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Yellowjacket Nest? 'Clean it Up' Without Turning to Terrible Toxins


Question. While I was digging in the garden this past weekend, bees swarmed up from the soil and made it clear they didn't like me in their turf. Do you know of any kinds of bees that make their home in the ground?
    ---Randy in Maryland; a.k.a. "Six stings in Silver Spring"
Answer. Yes Randy; unlike the imported honeybee, which lives in man-made hives (with the occasional foray of an escaped colony into an old decayed tree or the side of a home), many native bees DO nest in the ground. But these superb pollinators of garden plants are mostly active in such nests in the Spring, and your missive was sent in late summer. And native bees are always gentle and non-stinging, while your unwanted undergrounders appear to have tuned you up pretty good.

That adds up to you instead having a yellowjacket nest. These highly aggressive wasps (technically in the hornet family) can look a lot like bees—especially when you're busy creating interesting new curses while running away from them at high speed after being stung. And the underground nests of yellowjackets generally become obvious in the late summer, when those nests have typically grown to contain thousands of the dangerous creatures, each of which can sting repeatedly, likes to sting repeatedly, and uses powerful pheromones to call all the other yellowjackets to come and pile on after they begin to sting you repeatedly. It's a potentially deadly combination; virtually every so-called bee sting death in the United States is actually due to yellowjacket attack.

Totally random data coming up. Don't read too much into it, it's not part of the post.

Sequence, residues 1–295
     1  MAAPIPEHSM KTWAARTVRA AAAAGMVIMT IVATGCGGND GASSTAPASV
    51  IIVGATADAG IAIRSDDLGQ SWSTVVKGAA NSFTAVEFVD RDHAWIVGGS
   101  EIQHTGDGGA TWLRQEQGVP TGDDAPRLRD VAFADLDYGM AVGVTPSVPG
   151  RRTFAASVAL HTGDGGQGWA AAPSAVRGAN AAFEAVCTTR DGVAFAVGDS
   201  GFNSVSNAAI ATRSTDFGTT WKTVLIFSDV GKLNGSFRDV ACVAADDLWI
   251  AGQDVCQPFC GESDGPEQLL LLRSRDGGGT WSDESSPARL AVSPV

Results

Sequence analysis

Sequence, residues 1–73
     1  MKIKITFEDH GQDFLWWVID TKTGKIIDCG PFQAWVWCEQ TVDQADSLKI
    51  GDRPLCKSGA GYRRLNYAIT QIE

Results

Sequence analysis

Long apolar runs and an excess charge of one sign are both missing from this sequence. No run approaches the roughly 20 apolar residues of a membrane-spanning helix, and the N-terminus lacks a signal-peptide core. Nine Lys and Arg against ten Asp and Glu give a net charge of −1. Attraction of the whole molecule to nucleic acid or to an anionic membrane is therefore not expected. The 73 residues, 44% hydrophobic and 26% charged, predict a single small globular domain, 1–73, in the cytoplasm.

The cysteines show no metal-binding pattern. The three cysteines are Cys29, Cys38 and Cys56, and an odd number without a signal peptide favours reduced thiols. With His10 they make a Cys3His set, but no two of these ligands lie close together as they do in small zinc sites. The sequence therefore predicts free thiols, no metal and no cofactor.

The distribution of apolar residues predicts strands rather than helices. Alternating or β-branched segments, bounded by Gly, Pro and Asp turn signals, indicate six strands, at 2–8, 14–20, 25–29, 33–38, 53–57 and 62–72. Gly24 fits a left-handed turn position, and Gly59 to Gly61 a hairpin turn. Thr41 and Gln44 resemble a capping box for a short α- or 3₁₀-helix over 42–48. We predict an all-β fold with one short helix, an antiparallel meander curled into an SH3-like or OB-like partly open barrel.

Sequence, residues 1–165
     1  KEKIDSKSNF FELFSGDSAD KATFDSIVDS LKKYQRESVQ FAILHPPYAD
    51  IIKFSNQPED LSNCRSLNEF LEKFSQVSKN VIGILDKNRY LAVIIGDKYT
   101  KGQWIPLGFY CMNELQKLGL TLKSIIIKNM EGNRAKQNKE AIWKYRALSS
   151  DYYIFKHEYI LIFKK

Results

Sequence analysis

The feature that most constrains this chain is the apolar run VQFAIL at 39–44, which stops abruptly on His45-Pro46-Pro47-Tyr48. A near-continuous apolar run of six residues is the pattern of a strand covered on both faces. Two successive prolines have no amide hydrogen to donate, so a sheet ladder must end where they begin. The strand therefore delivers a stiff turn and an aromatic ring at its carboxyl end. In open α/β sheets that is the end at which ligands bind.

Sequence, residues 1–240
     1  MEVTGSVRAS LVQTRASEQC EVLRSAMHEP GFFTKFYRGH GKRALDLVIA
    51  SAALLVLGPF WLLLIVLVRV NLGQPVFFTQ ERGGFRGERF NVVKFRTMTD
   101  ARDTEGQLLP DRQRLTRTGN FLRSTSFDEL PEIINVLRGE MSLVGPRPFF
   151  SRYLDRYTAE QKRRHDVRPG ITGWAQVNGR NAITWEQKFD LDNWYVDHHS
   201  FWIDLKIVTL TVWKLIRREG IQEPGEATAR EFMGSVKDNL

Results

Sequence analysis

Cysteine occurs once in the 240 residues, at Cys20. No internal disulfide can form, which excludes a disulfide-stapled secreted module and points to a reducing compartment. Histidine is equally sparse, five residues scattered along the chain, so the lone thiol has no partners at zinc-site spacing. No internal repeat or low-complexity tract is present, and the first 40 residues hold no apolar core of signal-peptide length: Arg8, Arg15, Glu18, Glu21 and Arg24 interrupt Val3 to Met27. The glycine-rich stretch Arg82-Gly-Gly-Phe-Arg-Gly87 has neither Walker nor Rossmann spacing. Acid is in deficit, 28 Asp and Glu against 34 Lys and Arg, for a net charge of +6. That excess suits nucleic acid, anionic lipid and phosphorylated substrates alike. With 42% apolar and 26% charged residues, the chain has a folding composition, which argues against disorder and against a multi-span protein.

Question. I'm fairly certain I have a yellow jacket colony next to a tree in my front yard. I was mowing, ran over a hole and got stung twice. I've heard you recommend getting a professional exterminator to handle this situation. Is there a firm you would recommend?
    ---Gary in Northern Virginia
Answer. Yes, Gary; ANY firm that will vacuum them out of the ground. Toxic insecticides are useless in this situation, as the massive underground nests of these hornets are of a design that sheds liquids off to the sides. (Which explains why they don't all just drown in the first heavy rain.) So reject any firm that wants to come and spray; there's a good chance the insecticide they'd use would harm you more than the wasps. If you can't find an exterminator willing to use a high-powered vacuum, contact your local beekeeping society. Some beekeepers have this kind of equipment handy for sucking escaped feral colonies out of the house walls they occasionally occupy.

And if you're careful (promise me you'll be careful!), you can even do it yourself. Drop the hose of a shop vac or an old canister-type vacuum cleaner next to the hole in the middle of the night when the guards will either be deep inside or slow to react. (The cooler the air temperature, the more wiggle room you'll have.) Then turn the machine on the next morning; these aggressive wasps will attack the hose and get sucked inside. Let the machine run all day—remember, you might need to suck up thousands of the stingers before you empty out the nest. Then plug the vacuum hose with duct tape BEFORE you turn the machine off. Then let the machine sit in the sun for a few days before you open it to dispose of the used-to-be-wasps.

But plug the hole to the nest right after you turn off the machine if you can; the queen will still be down in there, giving birth to new workers every day. You'll find details on how to do this safely in this previous Question of the Week. This 'ice and tarp trick' also works well all by its lonesome when the hole leading to the nest is in an open area; I've used it successfully several times

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